Assuming that the box blanks moving through the coveyor system are 40 inches long, and this is merely an illustrative example, the counting pairs or sets will have a preset number therein which is slightly larger than 40 inches, for example 41 or 42 inches. For purposes of description a one-inch measurement will be used so that each of the counters will be set for 41 inches. Pulses from pulse generator 16 are continually passing through the described operational amplifier and inverter to timer 44 which will provide pulses at precisely timed intervals. These pulses will each be fed to the CPO input of the units counter in each set. Whenever the photosensor associated with a particular counting set sees a box blank, a signal from that photosensor, for example photosensor 18, will pass to OR gate 52 so that the output from gate 52 will permit the pulses from pulse generator 60 to be received in the counting set and to begin a countdown process. The tens and unit counters are connected in cascade with the end result that the preset number will be reduced by one for each pulse received. Since the counter has been set for 41 and the box blanks are 40 inches in length, the count should not be reduced to zero before the photosensor detects the absence of a blank which changes the condition of OR gate 52 and thereby causes the counter to be reset to its original number. This would be indicative of normal operation, as the blank would have passed the sensing station without being stopped. All three sensing stations operate in the same manner.

If the count in a counting set is reduced to zero, which can only be indicative of a blank not moving past the sensing station in the required manner, indicating a jam condition, then there will be an output from the TC terminal of that particular counter and consequently an output from OR gate 72 to inverter 74 and timer 76. This will cause operation of relay 82 which will stop the conveyors. At the same time OR gates 52, 60 and 68 will receive a signal from OR gate 72 which will place them in a condition to reset the counters.

The disclosed circuitry provides a simple and reliable means for detecting jam conditions in boxmaking machinery or in other types of operations in which a series of members continuously pass through a succession of work stations. Each of the counters is set for a number greater than the length of the members passing the work station. The amount by which the counter is set greater than the length will be determined by the speed of operation of the equipment. Under normal operating conditions, i.e. no jam, the counters will not be reduced to zero. In a jam condition, and there is a margin for error depending upon the overage allowed as described above, the counters will be reduced to zero which will provide a signal stopping the conveyors and auxiliary equipment.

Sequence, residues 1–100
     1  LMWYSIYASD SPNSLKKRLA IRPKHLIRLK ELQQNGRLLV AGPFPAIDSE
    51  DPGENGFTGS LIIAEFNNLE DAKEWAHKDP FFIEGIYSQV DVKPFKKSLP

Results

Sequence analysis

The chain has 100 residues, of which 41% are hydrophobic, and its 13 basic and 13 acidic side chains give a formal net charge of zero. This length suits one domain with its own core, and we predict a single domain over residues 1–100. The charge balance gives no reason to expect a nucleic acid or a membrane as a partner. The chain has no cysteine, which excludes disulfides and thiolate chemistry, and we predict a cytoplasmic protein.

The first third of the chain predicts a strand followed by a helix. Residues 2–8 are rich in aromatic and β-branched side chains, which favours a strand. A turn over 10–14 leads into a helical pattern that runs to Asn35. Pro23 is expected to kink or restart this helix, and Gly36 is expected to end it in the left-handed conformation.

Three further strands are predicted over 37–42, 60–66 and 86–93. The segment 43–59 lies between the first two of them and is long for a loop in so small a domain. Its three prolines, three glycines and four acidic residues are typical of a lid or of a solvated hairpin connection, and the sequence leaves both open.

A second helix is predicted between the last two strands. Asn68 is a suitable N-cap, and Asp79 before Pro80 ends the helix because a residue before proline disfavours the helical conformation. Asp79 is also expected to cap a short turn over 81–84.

Whereas the preferred form of the invention has been shown and described herein, it should be realized that there may be many modifications, substitutions and alterations thereto.

Patent Citations
Cited PatentFiling datePublication dateApplicantTitle
US3150873 *Mar 29, 1962Sep 29, 1964Burroughs CorpItem jam detection apparatus
US3659081 *May 3, 1971Apr 25, 1972Piccione Sebastian WJammed paper detector
US3779440 *Apr 20, 1972Dec 18, 1973IbmForm run-out and jam detector for printer
Referenced by
Citing PatentFiling datePublication dateApplicantTitle
US4538235 *Aug 19, 1982Aug 27, 1985Rockwell International CorporationMicrocomputer retriggerable interval counter
US4815112 *Jun 2, 1987Mar 21, 1989Yoshikazu KuzeRead-only sequence control system
EP2944591A1May 4, 2015Nov 18, 2015SICK, Inc.Conveyor jam detection system and method
Classifications
U.S. Classification377/52, 377/16, 377/53
International ClassificationG06K13/067, B65H7/06
Cooperative ClassificationB65H7/06, G06K13/067
European ClassificationB65H7/06, G06K13/067
Legal Events
DateCodeEventDescription
Nov 15, 1983PSPatent suit(s) filed
Feb 28, 1984DCDisclaimer filed
Effective date: 19840109
May 8, 1984PSPatent suit(s) filed